Christian Schools Denounce ALRC Report

Christian schools have denounced the Australian Law Reform Commissions (ALRC’s) final report into religious discrimination reforms, saying it has fewer protections for faith-based schools than its previous “controversial” consultation report and was a “direct attack on faith and freedom of belief in Australia”. Urging the government to immediately reject the recommendations, Christian Schools Australia, the Australian Association of Christian Schools and Associated Christian Schools said if the ALRC’s recommendations were adopted, “Christian education as we know it will cease to exist”. “If these ALRC recommendations are adopted, it means the government can tell Christian schools who we can employ, what we can believe and teach,” AACS executive officer Vanessa Cheng said. “It sets a scary precedent, and the question Australians need to ask is ‘who’s next’? Will they dictate to any other religious group or organisation what they can believe? “Teachers and other employees who don’t share our faith or beliefs have the choice to work at many other educational options.”

Attorney-General Mark Dreyfus says the Albanese government wants an “enduring solution” to protect students, teachers and religious Australians as it seeks bipartisanship for its religious discrimination reforms, declaring Coalition support “is essential”. Mr. Dreyfus tabled the Australian Law Reform Commission’s final report on religious educational institutions and anti-discrimination laws, pointing out it was not a report from the government but advice to government, which Labor would continue to consider.  “The government will seek to enhance protections in anti-discrimination law in a way that brings Australians together. Just as Commonwealth law already prohibits discrimination based on race, gender, sexuality, disability and age, no one should be discriminated against because of their faith,” Mr. Dreyfus said. “Equally, no students or member of staff should be discriminated against because of who they are. At the same time, religious schools must continue to be able to build and maintain communities of faith. The government recognises and respects the right of parents to send their kids to a religious school because of the beliefs and values they teach their children.”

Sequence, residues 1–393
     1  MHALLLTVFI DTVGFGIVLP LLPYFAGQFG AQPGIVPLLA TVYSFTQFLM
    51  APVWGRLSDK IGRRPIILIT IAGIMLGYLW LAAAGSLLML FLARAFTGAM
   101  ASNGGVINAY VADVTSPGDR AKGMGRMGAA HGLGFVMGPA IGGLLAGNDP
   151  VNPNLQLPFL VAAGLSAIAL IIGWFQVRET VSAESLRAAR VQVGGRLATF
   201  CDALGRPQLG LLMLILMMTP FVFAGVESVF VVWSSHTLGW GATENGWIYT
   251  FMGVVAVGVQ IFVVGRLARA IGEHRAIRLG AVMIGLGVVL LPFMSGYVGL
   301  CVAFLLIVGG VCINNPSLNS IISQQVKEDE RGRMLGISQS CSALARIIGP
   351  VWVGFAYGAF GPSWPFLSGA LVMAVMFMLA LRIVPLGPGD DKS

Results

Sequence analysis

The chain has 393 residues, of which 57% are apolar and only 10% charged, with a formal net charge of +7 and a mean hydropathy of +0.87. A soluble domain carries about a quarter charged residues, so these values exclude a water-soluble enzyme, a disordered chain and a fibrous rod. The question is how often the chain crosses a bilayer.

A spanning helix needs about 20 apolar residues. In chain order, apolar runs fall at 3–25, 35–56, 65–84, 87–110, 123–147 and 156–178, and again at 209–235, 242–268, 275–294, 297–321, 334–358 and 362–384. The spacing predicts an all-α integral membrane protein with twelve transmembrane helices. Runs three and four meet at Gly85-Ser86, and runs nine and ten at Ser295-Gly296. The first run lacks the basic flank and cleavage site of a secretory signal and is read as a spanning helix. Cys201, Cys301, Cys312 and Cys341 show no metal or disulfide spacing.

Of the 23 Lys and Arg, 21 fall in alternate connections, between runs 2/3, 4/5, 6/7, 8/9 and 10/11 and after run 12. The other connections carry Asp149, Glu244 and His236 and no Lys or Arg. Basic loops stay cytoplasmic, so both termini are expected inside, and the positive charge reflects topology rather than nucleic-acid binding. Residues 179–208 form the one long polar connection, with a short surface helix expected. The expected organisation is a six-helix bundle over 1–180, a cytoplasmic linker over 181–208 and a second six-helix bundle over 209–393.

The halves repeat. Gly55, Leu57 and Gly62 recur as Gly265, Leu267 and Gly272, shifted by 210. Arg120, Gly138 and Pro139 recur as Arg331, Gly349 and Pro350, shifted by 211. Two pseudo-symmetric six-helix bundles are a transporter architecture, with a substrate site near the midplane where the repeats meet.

“The government is seeking an enduring solution that strengthens protections for all students, teachers, and people of faith. That’s why bipartisan support for solutions is essential.” Dreyfus went on to say. The government received the ALRC’s report just before Christmas and had to table it within 15 parliamentary sitting days, making last Thursday the last day it could have been released. The ALRC has recommended removing section 38 of the Sex Discrimination Act in its entirety, which would prevent religious schools from insisting students adhere to the doctrines, beliefs and teachings of their religion. There is also a significant winding back of protections for religious institutions in the Fair Work Act, with the ALRC saying it should be changed so that religious educational institutions can employ staff to give preference to a person of the same religion if it is “reasonably necessary to build or maintain a community of faith”. The preference must be proportionate to the aim of building or maintaining a community of faith, including in light of any disadvantage or harm that may be caused to any person not preferred, and cannot amount to conduct that is unlawful under the SDA.

As it stands, Section 38 of the SDA – which the ALRC wants abolished – allows religious schools to preference teachers of the same faith when hiring staff. The ALRC also recommends an equivalent exception for religious schools should be included in a future Religious Discrimination Act. The removal of section 38 and the replacement of new exemptions – as the ALRC is suggesting – has been resisted by faith groups because religious leaders feared there would be restrictions imposed on their schools so that teachers who weren’t of the same faith could be hired for non-religious subjects. Section 38 of the SDA has created controversy because they are expressed by way of exemptions, allowing schools to lawfully “discriminate” on the basis of an individual’s sex, sexual orientation, gender identity or relationship status in limited circumstances. “The overall effect of recommendation 1 (including repealing section 38 of the SDA) would be to narrow the circumstances in which it would be lawful to discriminate against students or staff at religious educational institutions on SDA grounds,” the ALRC report states.

“The overall effect of recommendation 7 (including amending the Fair Work Act) would be to narrow the circumstances in which it would be lawful to treat staff (particularly existing employees) at religious educational institutions differently on the ground of religion; to ensure that differential treatment on the basis of religion does not allow for discrimination on SDA grounds; and to allow religious educational institutions to give preference to persons of the same religion in selecting employees, in order to build and maintain a community of faith. A number of Coalition MPs view the removal of section 38 from the SDA as a “red line” that cannot be crossed, with one MP warning earlier this week it would be “bedlam if that happened”.

Source: Compiled by APN from media reports

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